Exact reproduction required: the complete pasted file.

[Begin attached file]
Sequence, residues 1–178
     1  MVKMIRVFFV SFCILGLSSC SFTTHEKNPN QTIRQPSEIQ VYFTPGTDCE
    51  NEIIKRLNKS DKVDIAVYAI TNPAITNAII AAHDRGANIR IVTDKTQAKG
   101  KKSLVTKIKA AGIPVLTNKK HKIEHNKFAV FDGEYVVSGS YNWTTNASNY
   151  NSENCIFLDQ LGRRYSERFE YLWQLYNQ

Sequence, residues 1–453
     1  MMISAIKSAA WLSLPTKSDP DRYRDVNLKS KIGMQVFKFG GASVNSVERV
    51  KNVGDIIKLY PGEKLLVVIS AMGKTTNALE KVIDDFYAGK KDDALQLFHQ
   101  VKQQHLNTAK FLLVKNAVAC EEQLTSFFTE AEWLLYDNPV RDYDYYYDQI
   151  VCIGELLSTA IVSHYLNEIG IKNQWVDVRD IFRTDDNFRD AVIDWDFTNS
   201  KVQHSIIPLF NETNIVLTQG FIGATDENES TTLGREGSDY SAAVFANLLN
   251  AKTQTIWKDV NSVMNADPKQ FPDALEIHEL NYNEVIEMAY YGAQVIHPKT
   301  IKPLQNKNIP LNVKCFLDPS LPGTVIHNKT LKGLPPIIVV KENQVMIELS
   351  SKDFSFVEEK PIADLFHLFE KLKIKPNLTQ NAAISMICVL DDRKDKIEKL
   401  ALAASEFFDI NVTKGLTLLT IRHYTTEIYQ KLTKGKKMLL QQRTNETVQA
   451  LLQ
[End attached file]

Sequence, residues 1–178
     1  MVKMIRVFFV SFCILGLSSC SFTTHEKNPN QTIRQPSEIQ VYFTPGTDCE
    51  NEIIKRLNKS DKVDIAVYAI TNPAITNAII AAHDRGANIR IVTDKTQAKG
   101  KKSLVTKIKA AGIPVLTNKK HKIEHNKFAV FDGEYVVSGS YNWTTNASNY
   151  NSENCIFLDQ LGRRYSERFE YLWQLYNQ

Sequence, residues 1–453
     1  MMISAIKSAA WLSLPTKSDP DRYRDVNLKS KIGMQVFKFG GASVNSVERV
    51  KNVGDIIKLY PGEKLLVVIS AMGKTTNALE KVIDDFYAGK KDDALQLFHQ
   101  VKQQHLNTAK FLLVKNAVAC EEQLTSFFTE AEWLLYDNPV RDYDYYYDQI
   151  VCIGELLSTA IVSHYLNEIG IKNQWVDVRD IFRTDDNFRD AVIDWDFTNS
   201  KVQHSIIPLF NETNIVLTQG FIGATDENES TTLGREGSDY SAAVFANLLN
   251  AKTQTIWKDV NSVMNADPKQ FPDALEIHEL NYNEVIEMAY YGAQVIHPKT
   301  IKPLQNKNIP LNVKCFLDPS LPGTVIHNKT LKGLPPIIVV KENQVMIELS
   351  SKDFSFVEEK PIADLFHLFE KLKIKPNLTQ NAAISMICVL DDRKDKIEKL
   401  ALAASEFFDI NVTKGLTLLT IRHYTTEIYQ KLTKGKKMLL QQRTNETVQA
   451  LLQ